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Anderson: Atlanta Crash Could be “Blessing in Disguise”

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At Atlanta Motor Speedway when Jordan Anderson crashed, it was believed his season could be over. It was the only truck his team had.

However, a fan fundraising campaign is set to have Anderson back on track in May at Kansas Speedway. He and his team are currently spending time in the shop, putting the truck they ran last year at Kansas back together to race. Through their campaign, he says they’ve raised a little over a third of what’s needed to go racing.

After Anderson had told MRN Radio his season could be over, fans began to reach out through social media.

“It’s really been humbling to see that outreach of support, and it’s really got me motivated to keep digging,” he told POPULAR SPEED. “We just started this team back up two weeks before Daytona and started really from scratch. I’m excited about the rest of the season and what to come at Kansas, Dover, Charlotte, and the races following. Really looking to build this team up, get going and get into the top-20 in points come November in Miami.”

Copyright: Barry Cantrell | NKP

Copyright: Barry Cantrell | NKP

The fan-funded campaign is nothing new for Anderson, as it was done last year in September. Anderson blew the team’s only motor at Chicagoland Speedway, leaving them sitting on the sidelines for New Hampshire and the rest of 2016.

“I tweeted out to a bunch of fans if anybody knows anybody in the New Hampshire area or have any advice to get to the track or any company that could help us pull this deal off,” Anderson said. “Several fans said, ‘Hey, is there a way we could support you to where we keep you on the race track? What do we have to do.’ A few fans said, ‘If you get a website going where we can sponsor you, help you get to the track or buy you some fuel, help put money towards a new motor, we’re all in.'”

Having a business management degree – with a concentration in motorsports marketing – from Belmont Abbey College, Anderson stayed up late that night putting together a website – Fueled by Fans at sponsorjordan.com. Within 36 hours, he raised enough money to buy a motor and race that weekend.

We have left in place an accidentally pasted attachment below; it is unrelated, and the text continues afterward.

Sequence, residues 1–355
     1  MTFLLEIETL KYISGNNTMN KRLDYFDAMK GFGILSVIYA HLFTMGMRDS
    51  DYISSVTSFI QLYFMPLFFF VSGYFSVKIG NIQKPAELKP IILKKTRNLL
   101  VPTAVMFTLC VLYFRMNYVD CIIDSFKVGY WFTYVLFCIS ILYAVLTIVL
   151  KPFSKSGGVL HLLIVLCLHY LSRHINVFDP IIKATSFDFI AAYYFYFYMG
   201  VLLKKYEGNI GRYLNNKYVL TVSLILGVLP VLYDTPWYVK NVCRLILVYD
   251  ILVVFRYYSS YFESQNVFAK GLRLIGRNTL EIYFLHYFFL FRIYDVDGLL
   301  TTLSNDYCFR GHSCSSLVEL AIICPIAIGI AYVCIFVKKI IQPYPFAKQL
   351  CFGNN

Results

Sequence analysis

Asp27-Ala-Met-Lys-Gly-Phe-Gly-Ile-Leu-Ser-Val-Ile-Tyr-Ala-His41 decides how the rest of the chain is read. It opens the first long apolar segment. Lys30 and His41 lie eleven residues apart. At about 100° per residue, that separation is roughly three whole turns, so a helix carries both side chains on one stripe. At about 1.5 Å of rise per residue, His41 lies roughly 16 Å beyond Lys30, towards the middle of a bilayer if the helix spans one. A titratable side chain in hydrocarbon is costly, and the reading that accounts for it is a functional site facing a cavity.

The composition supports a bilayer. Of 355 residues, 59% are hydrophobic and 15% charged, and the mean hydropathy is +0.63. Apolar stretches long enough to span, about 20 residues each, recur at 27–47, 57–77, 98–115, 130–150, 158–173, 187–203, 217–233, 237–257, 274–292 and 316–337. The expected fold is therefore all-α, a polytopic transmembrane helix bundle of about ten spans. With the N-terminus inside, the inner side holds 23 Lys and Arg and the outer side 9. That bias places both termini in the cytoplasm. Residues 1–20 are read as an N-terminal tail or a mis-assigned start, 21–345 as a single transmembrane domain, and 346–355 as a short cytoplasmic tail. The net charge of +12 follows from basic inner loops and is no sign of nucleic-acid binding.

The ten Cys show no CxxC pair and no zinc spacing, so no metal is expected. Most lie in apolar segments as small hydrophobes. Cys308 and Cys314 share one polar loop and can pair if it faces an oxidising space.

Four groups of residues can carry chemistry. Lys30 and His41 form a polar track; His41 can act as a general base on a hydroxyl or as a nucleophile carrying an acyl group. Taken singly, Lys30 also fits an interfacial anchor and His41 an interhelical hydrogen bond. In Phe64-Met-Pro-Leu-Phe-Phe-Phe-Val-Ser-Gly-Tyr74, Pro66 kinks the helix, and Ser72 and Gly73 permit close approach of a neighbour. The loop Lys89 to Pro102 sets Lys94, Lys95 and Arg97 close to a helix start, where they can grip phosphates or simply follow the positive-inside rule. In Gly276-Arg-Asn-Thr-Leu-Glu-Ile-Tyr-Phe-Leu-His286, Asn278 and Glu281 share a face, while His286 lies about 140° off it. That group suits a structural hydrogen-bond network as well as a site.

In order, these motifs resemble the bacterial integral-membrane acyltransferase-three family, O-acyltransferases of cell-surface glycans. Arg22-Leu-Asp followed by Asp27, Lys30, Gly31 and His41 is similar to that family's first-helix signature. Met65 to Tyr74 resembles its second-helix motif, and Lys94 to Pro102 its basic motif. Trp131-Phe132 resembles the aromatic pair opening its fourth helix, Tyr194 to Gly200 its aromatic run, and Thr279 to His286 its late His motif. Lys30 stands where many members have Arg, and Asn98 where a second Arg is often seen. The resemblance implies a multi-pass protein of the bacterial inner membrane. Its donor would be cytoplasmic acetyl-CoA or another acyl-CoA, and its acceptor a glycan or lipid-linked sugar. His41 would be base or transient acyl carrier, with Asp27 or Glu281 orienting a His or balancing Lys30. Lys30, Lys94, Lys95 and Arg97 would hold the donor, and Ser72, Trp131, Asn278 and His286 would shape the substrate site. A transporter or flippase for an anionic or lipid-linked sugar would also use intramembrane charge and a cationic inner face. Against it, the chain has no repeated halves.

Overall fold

“As a driver, it’s probably the most meaningful thing to see is fans tweeting their support, or commenting on Facebook – whether it’s encouragement, a prayer, just saying that they support you,” he said. “I’m kind of the average every joe racer. I come from a middle-class family in South Carolina and in a sport driven so much by corporate sponsorships and funding where money buys speed, just being able to have an opportunity to be in the sport is a huge blessing. Just to have a chance to be here, and to have the support of the fans to pull that off is what makes it so special.”

Anderson feels everybody can relate to him as he’s “the people’s driver,” going through the same highs and lows everyone has in life. Noting nobody’s life is perfect, he says his dream to race in NASCAR is relate-able to someone trying to get through college or buy their first house.

“We’re all trying to accomplish things that sometimes seem that the odds are against us,” he added. “To be able to overcome those odds and make those dreams & goals happen is cool to do that on a scale and sport like NASCAR. To be the David vs. Goliath in the sport – where we can be on the track and compete against these big teams. So I think that’s why it’s been so cool to see the fans become a part of our program.”

It can be easy to get down while facing adversity, but Anderson says he’s able to stay upbeat due to all this support from fans and family as “when you have people in your life that are constantly motivating you, encouraging you, it makes a huge difference.” He adds his faith has also been critical, too.